We DON’T just take off and land! I’m a pilot and here’s what we REALLY do during those long-haul 18-hour flights
- Airline pilot, Gary Baumgardner has cleared up some common misconceptions
- After a viral TikTok video, the pilot spoke to MailOnline to set the record straight
- READ MORE: Former flight attendant shares the truth about turbulence
For most on board, long-haul flights are endured with a sleep mask, a few films or TV shows… but for the pilots flying the plane, it’s a very different story.
Despite common belief, pilots have a lot more to do in the skies after switching to autopilot, and one pilot has taken to TikTok to set the record straight.
In response to a confused TikToker who asked: ‘What the hell to pilots do for an 18 hour flight, like Singapore to New York, 18 hours, all they need to do is take off and land,’ airline pilot Gary Baumgardner said
Sharing to his 240,700 followers the pilot, based at LAX, said that it’s not ‘entirely accurate’ to say they just take off and land.
Clearing up any confusion, the airline pilot spoke to MailOnline.
Contrary to popular belief, pilots have a lot to do on their long-haul flights other than press the autopilot button and one pilot has taken to TikTok to set the record straight
The pilot said he wanted to clear up some misconceptions, and revealed to thousands of followers what pilots actually do in the skies
Speaking in the viral video, after just completing a close to 18-hour shift, Gary said he wanted to ‘clear up’ some misconceptions.
READ MORE: I’m a former flight attendant and these are the most – and the least – demanding nationalities on board
He said: ‘Everybody thinks we’re like Homer Simpson up there and there’s just like a big button we push. One button sit there call it the autopilot and we do nothing.’
But, Gary explained: ‘The autopilot is a tool the way a bat is a tool for a Major League Baseball player when he wants to go hit a home run.’
For example, the pilot explained that if they are flying during a thunderstorm, autopilot cannot just automatically direct you out of it.
He added: ‘If ATC [Air Traffic Control] tells you to climb or descend or turn, that just doesn’t happen with the autopilot, we have to do that.’
According to Gary, they have to complete logs, take ATC calls and do ‘all kinds of other things’ such as do system checks.
‘And that’s just if we have nothing that’s going on that’s non normal or emergencies,’ he added.
Gary told MailOnline that pilots will only be given breaks when there are at least three pilots on board and they last typically between 2-3 hours
Another common misconception is regarding pilot’s sleeping arrangements, but the pilot soon cleared that up and told followers that pilot’s can sleep.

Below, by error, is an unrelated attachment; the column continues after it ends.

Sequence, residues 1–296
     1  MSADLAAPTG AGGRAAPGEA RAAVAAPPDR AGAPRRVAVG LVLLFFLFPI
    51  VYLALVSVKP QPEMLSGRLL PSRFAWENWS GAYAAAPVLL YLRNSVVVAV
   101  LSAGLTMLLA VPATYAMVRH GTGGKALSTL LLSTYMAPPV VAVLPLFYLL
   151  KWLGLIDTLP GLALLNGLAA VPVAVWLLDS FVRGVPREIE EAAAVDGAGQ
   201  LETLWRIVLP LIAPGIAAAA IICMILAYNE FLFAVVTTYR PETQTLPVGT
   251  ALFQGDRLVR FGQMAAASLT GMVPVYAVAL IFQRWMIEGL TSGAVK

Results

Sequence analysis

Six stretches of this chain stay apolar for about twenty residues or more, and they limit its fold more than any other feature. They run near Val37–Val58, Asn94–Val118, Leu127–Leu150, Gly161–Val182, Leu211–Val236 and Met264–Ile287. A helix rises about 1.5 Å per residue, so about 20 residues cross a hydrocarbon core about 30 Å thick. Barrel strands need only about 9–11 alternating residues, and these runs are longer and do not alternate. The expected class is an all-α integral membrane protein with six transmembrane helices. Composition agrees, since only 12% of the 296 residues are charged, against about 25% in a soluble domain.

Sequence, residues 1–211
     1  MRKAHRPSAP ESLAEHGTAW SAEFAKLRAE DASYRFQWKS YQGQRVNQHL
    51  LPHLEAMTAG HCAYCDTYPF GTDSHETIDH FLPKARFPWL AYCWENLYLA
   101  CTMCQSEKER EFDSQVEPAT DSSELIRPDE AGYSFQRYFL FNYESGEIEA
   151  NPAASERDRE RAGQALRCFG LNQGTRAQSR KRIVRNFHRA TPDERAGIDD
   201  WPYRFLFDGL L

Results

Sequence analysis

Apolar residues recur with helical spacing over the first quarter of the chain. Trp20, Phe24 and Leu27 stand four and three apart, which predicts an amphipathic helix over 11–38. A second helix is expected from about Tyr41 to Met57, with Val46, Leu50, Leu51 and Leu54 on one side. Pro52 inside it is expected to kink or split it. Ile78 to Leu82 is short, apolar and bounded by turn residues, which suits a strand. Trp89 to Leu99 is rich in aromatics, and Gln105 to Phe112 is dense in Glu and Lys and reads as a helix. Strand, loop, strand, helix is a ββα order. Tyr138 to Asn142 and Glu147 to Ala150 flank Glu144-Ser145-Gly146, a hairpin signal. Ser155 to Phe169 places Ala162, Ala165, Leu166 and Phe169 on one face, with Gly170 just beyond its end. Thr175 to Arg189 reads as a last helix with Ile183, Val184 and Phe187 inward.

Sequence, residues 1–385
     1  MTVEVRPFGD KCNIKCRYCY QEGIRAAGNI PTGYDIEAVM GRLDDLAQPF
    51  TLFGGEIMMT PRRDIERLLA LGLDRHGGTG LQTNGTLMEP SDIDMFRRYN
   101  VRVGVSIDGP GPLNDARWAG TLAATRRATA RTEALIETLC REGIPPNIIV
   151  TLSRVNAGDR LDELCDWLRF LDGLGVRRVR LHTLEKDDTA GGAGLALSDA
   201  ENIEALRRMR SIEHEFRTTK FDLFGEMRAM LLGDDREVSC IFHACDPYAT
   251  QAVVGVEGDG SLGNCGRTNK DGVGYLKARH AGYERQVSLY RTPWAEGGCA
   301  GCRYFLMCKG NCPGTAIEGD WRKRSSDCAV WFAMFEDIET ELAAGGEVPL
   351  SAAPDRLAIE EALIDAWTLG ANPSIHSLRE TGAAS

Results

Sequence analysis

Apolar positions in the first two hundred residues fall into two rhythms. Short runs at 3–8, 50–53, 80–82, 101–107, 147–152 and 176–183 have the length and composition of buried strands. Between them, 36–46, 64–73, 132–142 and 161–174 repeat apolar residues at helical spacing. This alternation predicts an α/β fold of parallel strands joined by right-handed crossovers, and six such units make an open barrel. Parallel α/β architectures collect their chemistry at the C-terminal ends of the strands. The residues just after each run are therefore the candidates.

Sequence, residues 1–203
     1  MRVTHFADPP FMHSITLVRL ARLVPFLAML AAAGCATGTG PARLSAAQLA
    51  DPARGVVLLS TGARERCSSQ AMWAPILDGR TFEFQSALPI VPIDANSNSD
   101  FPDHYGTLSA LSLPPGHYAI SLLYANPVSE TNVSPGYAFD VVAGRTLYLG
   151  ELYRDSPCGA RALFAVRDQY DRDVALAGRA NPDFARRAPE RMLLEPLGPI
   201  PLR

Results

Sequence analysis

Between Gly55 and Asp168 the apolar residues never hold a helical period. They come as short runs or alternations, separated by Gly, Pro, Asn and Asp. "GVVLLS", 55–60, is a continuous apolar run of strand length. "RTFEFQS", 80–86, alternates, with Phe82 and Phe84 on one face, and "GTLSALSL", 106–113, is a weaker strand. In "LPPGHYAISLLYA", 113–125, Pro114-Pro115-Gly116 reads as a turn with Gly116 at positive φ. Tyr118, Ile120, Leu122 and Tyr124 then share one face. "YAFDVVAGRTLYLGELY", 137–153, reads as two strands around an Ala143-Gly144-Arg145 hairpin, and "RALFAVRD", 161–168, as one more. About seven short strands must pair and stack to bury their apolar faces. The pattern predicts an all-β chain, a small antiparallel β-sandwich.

He explained: ‘I know for a fact that if you have a flight that is 18 hours long, you have four pilots and we actually have our own beds and bunk beds up there and we sleep and we eat.’
On an 18-hour flight, he said, pilots can eat breakfast, dinner and lunch – but perhaps not in the correct order due to time differences.
According to the pilot, most international flights have ‘rest bunks’ for the crew to sleep in, but for those that don’t, he said: ‘They’ll reserve a first class seat that you can sit down and lay in so you can get some rest.’
Since it was posted, the TikTok has raked in nearly four million views, and has received thousands of comments from intrigued users.
After much confusion in the comment section, Gary confirmed to MailOnline that there are always two pilots at the controls and that they will only be given breaks when ‘you have at least three pilots.’
He explained: ‘Breaks will vary depending on how many crew members and the length of flight but typically are 2-3 hours.’
According to Gary lots of things help pass the time on an 18 hour plane shift, and they may even be given a first class seat to rest in
Gary revealed that he actually prefers longer flights because it is ‘more efficient with your time and pay.’
He added: ‘Flying 1 flight that’s 6 hours to Hawaii is more pleasant than flying 3 flights that are 2 hours each. However, not all pilots think this way and many prefer shorter flights.’
One person wrote: ‘It’s an incredibly tough job,’ while another added: ‘Thank you for keeping us safe.’
One ex-flight attendant commented: ‘I’m glad you’ve explained this because people used to get mad seeing that pilots are asleep.’
Meanwhile, another added: ‘Imagine just chilling in first class and you see your pilot chilling next to you.’
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